The Voting Rights Act of 1965 (VRA) gave the federal government power to ensure that state and local voting laws are not discriminatory. Considered to be landmark legislation, it ensured that southern states instituting discriminatory practices against African Americans and western states against Latinxs and American Indians, would be held accountable and severely limited in continuing those efforts. Read More »
The Voting Rights Act gave the Federal Government power to ensure that voting laws are not discriminatory. Some Voting Rights Act provisions apply nationwide, and some provisions focus on states and local governments that have a past record of voting discrimination.
Below are explanations of the parts of this law that have the most effect on voters and state agencies responsible for making sure elections are fair. Read More »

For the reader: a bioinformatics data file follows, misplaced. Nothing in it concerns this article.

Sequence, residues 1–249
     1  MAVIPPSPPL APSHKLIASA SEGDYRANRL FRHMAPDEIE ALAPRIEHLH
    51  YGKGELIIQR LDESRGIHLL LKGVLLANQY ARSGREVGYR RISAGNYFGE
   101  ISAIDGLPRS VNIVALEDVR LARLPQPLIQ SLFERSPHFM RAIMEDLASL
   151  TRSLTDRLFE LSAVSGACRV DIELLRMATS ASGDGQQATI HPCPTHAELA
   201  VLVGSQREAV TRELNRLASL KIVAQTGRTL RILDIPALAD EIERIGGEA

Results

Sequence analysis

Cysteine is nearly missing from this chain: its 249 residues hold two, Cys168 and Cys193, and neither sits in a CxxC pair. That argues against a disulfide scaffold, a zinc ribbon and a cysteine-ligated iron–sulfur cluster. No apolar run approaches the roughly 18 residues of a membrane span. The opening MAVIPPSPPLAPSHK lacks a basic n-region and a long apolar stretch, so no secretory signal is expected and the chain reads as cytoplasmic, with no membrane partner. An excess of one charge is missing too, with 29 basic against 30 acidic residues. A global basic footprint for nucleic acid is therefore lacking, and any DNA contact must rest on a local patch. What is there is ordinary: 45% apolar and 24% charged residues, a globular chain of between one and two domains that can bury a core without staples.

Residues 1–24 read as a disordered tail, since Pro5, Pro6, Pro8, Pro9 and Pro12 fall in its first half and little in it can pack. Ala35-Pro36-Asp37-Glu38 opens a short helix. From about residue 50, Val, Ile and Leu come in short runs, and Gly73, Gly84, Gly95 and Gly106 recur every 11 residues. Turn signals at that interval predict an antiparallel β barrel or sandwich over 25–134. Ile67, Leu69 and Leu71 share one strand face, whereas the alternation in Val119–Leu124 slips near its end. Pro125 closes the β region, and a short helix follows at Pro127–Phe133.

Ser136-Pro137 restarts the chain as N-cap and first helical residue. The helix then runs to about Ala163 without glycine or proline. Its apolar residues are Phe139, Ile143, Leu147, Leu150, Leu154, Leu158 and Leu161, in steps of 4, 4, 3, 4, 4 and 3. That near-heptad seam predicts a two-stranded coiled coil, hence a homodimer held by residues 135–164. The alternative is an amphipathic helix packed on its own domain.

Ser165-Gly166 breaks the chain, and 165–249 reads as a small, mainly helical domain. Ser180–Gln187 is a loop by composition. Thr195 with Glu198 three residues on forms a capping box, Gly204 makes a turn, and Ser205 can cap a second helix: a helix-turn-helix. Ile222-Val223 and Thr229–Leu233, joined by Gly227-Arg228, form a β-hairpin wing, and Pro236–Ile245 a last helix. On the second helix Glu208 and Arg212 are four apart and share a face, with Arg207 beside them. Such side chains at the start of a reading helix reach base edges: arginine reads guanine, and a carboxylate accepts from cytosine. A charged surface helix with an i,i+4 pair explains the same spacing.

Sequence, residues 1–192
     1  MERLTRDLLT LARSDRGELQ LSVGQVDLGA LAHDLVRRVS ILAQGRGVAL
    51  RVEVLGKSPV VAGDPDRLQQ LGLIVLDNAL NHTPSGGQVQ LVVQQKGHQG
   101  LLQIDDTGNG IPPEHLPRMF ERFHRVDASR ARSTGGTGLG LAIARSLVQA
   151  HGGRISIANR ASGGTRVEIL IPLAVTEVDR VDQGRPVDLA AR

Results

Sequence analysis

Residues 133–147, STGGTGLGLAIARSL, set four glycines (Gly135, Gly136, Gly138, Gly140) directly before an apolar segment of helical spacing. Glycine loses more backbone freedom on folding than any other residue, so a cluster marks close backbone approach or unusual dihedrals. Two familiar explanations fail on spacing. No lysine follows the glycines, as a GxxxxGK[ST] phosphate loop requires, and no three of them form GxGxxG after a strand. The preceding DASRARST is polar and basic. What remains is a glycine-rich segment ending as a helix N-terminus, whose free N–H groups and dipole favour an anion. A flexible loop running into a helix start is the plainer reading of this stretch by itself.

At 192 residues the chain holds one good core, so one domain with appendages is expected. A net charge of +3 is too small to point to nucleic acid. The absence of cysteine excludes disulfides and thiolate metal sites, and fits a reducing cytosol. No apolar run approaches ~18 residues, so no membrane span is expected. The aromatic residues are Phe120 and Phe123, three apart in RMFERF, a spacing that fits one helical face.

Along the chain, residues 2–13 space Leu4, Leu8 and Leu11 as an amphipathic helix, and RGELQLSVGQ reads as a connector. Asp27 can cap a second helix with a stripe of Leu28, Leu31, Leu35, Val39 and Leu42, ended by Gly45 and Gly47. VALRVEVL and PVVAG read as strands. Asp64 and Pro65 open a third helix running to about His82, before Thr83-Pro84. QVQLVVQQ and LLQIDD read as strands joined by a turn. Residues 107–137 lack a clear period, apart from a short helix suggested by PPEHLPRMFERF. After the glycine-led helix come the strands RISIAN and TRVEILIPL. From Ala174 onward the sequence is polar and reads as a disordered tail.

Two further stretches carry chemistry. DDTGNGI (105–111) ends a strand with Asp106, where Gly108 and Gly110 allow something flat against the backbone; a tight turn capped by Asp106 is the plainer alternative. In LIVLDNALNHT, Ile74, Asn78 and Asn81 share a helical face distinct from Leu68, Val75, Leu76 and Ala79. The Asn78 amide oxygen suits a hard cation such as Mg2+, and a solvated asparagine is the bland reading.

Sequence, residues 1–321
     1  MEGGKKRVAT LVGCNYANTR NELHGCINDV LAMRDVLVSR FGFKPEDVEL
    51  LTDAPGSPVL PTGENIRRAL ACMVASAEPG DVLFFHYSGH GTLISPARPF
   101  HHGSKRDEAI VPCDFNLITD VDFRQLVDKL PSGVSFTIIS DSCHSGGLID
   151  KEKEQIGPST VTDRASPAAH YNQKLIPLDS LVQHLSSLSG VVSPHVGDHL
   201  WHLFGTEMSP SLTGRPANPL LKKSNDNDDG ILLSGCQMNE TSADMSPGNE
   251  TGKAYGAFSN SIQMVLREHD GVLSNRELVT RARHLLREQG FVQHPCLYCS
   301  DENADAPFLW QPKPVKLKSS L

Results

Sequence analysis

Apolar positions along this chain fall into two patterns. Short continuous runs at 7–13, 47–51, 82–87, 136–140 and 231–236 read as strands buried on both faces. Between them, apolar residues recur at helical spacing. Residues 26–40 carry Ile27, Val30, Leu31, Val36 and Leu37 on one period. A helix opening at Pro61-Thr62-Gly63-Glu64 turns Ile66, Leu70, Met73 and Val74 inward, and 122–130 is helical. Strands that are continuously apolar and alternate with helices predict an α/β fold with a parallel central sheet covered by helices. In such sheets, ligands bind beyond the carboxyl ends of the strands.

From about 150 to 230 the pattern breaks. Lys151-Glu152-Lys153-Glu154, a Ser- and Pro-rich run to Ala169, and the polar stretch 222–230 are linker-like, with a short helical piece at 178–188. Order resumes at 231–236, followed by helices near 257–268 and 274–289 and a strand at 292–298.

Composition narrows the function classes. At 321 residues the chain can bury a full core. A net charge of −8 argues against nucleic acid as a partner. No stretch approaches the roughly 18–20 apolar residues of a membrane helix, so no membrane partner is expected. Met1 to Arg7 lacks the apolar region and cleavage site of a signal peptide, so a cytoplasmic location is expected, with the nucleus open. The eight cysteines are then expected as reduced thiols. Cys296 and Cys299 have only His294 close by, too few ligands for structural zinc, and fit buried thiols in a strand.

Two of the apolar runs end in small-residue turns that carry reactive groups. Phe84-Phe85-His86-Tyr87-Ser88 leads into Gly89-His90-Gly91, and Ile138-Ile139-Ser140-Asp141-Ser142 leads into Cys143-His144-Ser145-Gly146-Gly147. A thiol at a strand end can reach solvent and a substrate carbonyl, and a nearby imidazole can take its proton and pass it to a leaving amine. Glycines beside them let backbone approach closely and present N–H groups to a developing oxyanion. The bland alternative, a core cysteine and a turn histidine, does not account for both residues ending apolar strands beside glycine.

Amendments to the Voting Rights Act
The Voting Rights Act has been amended and extended several times since its passage in 1965. Certain amendments were triggered by pending expiration of some of the Act’s special provisions, which originally were set to expire by 1970. Highlights of each of the main amendments to the Act are discussed on the attached pages. Read More »
Challenges to the Voting Rights Act: Shelby County v. Holder 2013
The U.S. Supreme Court upheld the Voting Rights Act in numerous cases. Then, Shelby County, Alabama sued U.S. Attorney General Eric Holder in 2013. The U.S. Supreme Court decision in this case fundamentally altered the way the Voting Rights Act is enforced throughout the country. Read More »